A six-person committee of the University of North Carolina Board of Governors (BOG) is weighing the fate of three research centers at Appalachian State University as part of a much larger review of some 34 centers across the entire University of North Carolina system. Savvy observers have noticed that many of the targeted centers study groups and issues that are anathema to Art Pope and the Civitas Institute.

All 32 members of the UNC Board of Governors were appointed by the Republican pooh-bahs in the General Assembly. The six-member "hit squad," drawn from those 32, are all Republicans, save one who is unaffiliated. These six people will issue recommendations next month, at which time the full BOG "could choose to validate these centers, cut their funding, roll them into existing university departments or disband them entirely."

"We have no political agenda," said the chair of the hit squad. (Dearest Mr. Chairman: We may have fallen off the turnip truck yesterday, but we didn't fall on our head.)

Three research centers at Appalachian State University are on the list of 34 for intensive review. Two are housed in the ASU College of Business: Brantley Risk and Insurance Center and the Center for Economic Research and Policy Analysis. The third is much more central to the disdain of the Civitas Institute: the Research Institute for Environment, Energy and Economics, where there's a heavy emphasis on alternative energy and "sustainability," ancient bugbears to the market fundamentalists at the Civitas Institute.

We'll know in January just how free of "political agenda" the hit squad was.

Meanwhile, at other UNC institutions, research centers that focus on women, native Americans, poverty, economic equality, civil rights -- they're also awaiting their fates. As their missions seem "counter to the agenda of the Republican-controlled state legislature," as Sam DeGrave wrote, the personnel at those research centers might best be looking at job openings in other states that haven't yet turned backward.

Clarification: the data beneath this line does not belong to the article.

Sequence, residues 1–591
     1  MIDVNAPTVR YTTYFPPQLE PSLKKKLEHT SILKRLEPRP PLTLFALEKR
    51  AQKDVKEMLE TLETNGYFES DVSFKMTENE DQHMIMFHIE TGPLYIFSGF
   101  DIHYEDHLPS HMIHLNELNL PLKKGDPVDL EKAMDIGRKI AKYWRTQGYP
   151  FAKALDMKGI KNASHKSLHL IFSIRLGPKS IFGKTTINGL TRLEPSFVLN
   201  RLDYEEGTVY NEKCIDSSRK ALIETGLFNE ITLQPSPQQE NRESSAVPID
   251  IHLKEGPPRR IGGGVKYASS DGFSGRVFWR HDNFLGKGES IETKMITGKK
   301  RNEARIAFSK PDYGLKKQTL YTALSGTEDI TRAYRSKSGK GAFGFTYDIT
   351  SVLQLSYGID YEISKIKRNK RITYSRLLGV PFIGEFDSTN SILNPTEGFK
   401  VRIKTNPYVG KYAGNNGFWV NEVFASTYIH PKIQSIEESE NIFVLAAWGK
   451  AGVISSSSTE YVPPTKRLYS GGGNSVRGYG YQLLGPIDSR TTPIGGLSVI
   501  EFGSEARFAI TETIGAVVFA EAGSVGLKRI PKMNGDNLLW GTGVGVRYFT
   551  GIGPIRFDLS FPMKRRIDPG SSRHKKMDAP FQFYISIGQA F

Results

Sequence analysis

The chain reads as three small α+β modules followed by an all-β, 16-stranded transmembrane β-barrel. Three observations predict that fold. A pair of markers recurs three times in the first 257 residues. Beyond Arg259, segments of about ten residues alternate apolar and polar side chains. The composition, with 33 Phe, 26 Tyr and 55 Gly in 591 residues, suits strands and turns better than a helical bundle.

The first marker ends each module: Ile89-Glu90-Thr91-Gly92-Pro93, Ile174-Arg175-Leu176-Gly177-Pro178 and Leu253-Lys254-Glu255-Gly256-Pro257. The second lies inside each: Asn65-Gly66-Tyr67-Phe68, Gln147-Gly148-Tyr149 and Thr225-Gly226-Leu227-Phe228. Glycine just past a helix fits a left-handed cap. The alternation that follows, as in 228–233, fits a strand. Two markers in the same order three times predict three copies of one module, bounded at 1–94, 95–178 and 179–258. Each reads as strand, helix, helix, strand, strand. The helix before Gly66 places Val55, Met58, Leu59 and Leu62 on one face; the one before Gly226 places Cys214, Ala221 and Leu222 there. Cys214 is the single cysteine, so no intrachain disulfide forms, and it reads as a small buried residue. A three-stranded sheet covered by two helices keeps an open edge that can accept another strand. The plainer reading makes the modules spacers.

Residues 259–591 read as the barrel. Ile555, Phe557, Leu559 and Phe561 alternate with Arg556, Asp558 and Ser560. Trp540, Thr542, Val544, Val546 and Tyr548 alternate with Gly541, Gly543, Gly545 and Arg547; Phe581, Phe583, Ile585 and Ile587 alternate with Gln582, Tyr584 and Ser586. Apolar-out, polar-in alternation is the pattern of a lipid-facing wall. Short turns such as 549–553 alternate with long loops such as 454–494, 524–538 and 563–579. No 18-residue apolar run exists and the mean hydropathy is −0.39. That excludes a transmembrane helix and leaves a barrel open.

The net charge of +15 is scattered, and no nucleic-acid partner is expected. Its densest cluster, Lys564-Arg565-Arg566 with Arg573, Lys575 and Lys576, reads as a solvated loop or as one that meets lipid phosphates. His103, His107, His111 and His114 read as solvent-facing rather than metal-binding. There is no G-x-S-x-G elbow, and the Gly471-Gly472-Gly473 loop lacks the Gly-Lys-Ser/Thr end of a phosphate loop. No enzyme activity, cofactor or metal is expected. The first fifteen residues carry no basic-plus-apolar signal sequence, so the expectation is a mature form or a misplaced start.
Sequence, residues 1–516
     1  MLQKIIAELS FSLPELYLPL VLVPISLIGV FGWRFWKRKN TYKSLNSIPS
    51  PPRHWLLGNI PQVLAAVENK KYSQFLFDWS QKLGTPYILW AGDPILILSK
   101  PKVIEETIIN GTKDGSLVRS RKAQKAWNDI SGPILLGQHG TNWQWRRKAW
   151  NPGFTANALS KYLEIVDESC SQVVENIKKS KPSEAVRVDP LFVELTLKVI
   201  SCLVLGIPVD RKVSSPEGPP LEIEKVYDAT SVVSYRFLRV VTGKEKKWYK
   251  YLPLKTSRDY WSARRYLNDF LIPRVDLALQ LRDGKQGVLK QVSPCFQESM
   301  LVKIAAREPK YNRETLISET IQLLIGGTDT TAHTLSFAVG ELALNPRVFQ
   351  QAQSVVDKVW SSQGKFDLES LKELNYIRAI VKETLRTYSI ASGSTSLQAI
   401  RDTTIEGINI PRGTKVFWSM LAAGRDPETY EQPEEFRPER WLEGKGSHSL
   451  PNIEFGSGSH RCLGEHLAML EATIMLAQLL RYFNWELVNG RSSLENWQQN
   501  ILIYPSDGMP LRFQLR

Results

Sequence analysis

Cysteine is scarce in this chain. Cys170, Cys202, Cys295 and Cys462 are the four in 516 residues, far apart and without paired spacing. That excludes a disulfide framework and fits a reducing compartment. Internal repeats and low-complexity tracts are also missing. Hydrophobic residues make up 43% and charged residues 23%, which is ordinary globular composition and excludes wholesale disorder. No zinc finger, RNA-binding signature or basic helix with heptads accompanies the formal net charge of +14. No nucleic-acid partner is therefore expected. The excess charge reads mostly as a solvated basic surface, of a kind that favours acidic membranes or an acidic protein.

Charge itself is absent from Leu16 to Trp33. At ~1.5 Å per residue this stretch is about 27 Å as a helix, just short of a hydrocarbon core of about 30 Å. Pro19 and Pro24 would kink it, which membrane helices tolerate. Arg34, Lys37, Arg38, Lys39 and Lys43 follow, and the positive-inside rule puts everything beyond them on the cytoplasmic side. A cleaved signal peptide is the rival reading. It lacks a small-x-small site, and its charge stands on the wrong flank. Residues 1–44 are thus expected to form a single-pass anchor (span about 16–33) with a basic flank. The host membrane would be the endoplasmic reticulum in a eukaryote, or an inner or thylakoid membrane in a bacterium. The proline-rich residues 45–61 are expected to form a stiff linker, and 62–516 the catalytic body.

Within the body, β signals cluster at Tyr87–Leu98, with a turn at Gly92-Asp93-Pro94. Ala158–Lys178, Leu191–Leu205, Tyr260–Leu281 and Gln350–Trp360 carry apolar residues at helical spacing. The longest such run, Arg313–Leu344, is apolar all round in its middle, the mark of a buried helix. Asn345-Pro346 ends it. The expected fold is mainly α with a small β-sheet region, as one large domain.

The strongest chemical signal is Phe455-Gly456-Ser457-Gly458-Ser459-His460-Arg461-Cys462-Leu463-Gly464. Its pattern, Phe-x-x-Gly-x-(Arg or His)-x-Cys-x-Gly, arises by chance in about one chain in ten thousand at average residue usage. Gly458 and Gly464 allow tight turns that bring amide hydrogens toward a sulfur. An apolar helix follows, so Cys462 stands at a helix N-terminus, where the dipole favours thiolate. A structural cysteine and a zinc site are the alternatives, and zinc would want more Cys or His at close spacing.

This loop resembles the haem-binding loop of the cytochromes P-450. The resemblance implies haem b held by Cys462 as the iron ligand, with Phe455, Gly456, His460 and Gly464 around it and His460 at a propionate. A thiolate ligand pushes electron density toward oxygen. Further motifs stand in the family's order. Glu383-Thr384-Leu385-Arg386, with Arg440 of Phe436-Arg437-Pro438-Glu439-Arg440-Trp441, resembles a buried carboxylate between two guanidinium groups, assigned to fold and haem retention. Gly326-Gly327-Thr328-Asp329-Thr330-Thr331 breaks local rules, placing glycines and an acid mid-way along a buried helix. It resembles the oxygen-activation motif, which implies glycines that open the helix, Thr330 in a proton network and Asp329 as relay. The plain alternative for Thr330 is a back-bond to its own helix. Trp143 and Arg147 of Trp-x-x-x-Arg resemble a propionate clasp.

Wednesday, December 17, 2014

McCrory Got a Big Sloppy Wet Kiss from a Crooked Mortgage Lender

This lead paragraph sums it up:
CHARLOTTE — Soon after taking office, North Carolina Gov. Pat McCrory and U.S. Rep. Mark Sanford of South Carolina accepted six-figure stock payouts from an online mortgage broker accused by regulators of deceiving its customers....
Don't you just love the smell of sweetheart deals in the morning?

But this is the "money graph":
In the months after receiving his $171,071 payout of stock from Tree.com, McCrory appointed the state's banking director and a majority of the banking commissioners who regulate mortgage brokers.
And this:
Some of Tree.com's payments to McCrory and Sanford weren't publicly disclosed until May 2014, when the company filed its 2013 year-end proxy statement with the U.S. Securities and Exchange Commission.
McCrory is now dodging the press. Soon we'll be hearing about how he's out stepping on toes all over the place.

It's Now Open-Season on Boone's Steep Slopes

Last night the Watauga County Commission, under a new Republican chair Jimmy Hodges, voted unanimously to impose a 90-day moratorium on the former Boone Extraterritorial Jurisdiction (ETJ) for the following types of land-uses only:
Asphalt Plants
Electricity Generating Facilities
Propane or Gasoline Bulk Storage Facilities
Chip Mills
Explosives Manufacturing
Chemical Manufacturing
Chemical Storage Facilities
Fuel Oil Bulk Storage Facilities
Electric Substations
Cement Mixing Facilities
Commercial/Industrial development with aggregate building footprint 50,000 square feet or greater
Though many ETJ residents who spoke during the public hearing mentioned large college student apartment complexes as a major concern in their ETJ neighborhoods, the moratorium does not apply to large college student apartment complexes, nor to single-family and other multi-family residences.

Perhaps that's why there was no pushback at the public hearing from big developers. None of them are planning to build any of the above, when the big money is to be made from renting space to college students. Even Phil Templeton piously said he was in favor of this particular moratorium, because it clearly does not apply to what he has in mind.

Of course, this moratorium could be quickly mooted by the three-judge panel in Raleigh that is considering the town of Boone's legal challenge to Senator Dan Soucek's ETJ power-grab.

Tuesday, December 16, 2014

Jeb Bush Comes Out of the Closet. But ... Oh My!

Jeb Bush finally 'fessing up that he's "considering" a run for president ... the great promoter of Common Core.

Wait until the folks find out about how he's been laying the groundwork to create "a borderless international society" via Agenda 21.

Friday, December 12, 2014


David Horsey, LA Times

Fat Cats Are Purring This Morning

Merry Christmas, Wall Street!

You rolled the president again, got rid of a part of Dodd-Frank in the "cromnibus" so you can once again take huge risks on derivatives and get a guaranteed government bailout when everything goes south. Sweet!